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Papaya: Love Goddess of the Cannibals

Straight to the point. Immediately. A half-naked girl walks into a beach hut, cuts a papaya, and rubs it all over her and her partner's private parts. They have sex and she evirate him.
Unfortunately we don't see the splatter scene that would create a masterpiece. However no problem, because Joe D'Amato begins in an excellent way, what is considered the film that marks the beginning of his Caribbean period, which is followed, as we well know, by other well-known masterpieces. The story is well known: the director spent good times in the Caribbean with the film "Duri a morire" (set in Africa, however), that he stayed there for a while.
“Papaya: Love Goddess of the Cannibals” unlike the following films is not an erotic horror or a porno, but it is an erotic film, vaguely thriller, which relies on the body of the unforgettable Sirpa Lane, often naked (but there was no need to emphasize it ) and above all on the extraordinary and very exotic beauty of Melissa Chimenti.
The latter, best known as a singer and member of the Gepy & Gepy band, here as actress, touches one of the most famous points of her filmography playing the protagonist, that is, the Papaya of the title, as well as being the girl in the scene that opens the movie.
The blonde and the brunette are accompanied by Maurice Poli, a specialist in genre films, who closes a small cast for obvious budget reasons.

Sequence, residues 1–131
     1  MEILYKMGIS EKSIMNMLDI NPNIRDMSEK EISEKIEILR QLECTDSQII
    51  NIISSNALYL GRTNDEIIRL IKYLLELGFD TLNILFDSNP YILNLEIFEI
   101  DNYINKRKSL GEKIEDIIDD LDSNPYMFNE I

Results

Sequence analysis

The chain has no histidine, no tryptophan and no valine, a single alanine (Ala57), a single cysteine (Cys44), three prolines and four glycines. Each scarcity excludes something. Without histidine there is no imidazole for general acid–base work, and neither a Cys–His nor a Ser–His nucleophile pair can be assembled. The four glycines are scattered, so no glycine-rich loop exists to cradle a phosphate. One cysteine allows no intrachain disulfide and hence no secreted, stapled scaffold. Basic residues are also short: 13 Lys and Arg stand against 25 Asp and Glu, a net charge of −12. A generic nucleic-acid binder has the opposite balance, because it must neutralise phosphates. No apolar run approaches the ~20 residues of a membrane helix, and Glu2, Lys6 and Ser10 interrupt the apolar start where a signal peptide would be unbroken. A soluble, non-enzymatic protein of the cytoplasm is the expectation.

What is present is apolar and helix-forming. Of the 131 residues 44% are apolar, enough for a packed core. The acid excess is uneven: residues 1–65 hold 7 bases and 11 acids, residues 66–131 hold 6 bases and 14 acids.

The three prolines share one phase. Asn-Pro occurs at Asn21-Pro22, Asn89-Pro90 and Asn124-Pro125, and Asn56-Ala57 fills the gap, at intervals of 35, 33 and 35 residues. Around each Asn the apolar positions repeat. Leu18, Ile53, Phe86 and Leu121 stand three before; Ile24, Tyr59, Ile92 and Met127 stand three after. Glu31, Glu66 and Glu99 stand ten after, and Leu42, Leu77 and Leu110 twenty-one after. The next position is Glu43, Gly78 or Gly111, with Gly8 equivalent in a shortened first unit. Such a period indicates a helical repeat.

We are in a bizarre ecological intrigue, anti-nuclear, to be precise, in which the natural beauties of Santo Domingo emerge, skilfully shot by D'Amato who also puts a lot of local folklore into it, sometimes completely invented, for lengthen the minutes.
The story to be honest is pretty light and leaves no room for big twists. D'Amato takes it very slow, putting in addition to the aforementioned inserts, also many erotic moments of various kinds for the pleasure of the male audience who like it, making this film an unpredictable success. He then seems to want to treat things in a better way than other Caribbean movies, but relying on a cast that apart from Poli is not good.
Of course, Melissa Chimenti and Sirpa Lane make up for it with their often naked bodies involved in many soft-core scenes and in an ever-vague amorous affair.
Returning to the evirate man, we discover that his name is Tim, he works on the construction of a nuclear power plant on the island and Papaya, an ecologist, kill him. Meanwhile, Sara and Vincent (Sirpa Lane and Maurice Poli), respectively a journalist and another construction worker of the plant, meet again after years, have sex, find Tim's body in Vincent's room and finally meet Papaya. The seductive girl makes the two falls at her feet, executing Vincent with concoctions and sex and convincing Sara to join the fight.
The best moments of “Papaya of the Caribbean” are, as you can imagine, the erotic scenes, especially those between the two women. But the Caribbean ritual is also noteworthy, a big party in which a pig and even a man are torn apart and in which everyone ends up having sex.
A nice b movie, with a story that has no bite but with an ecological moral not bad at all.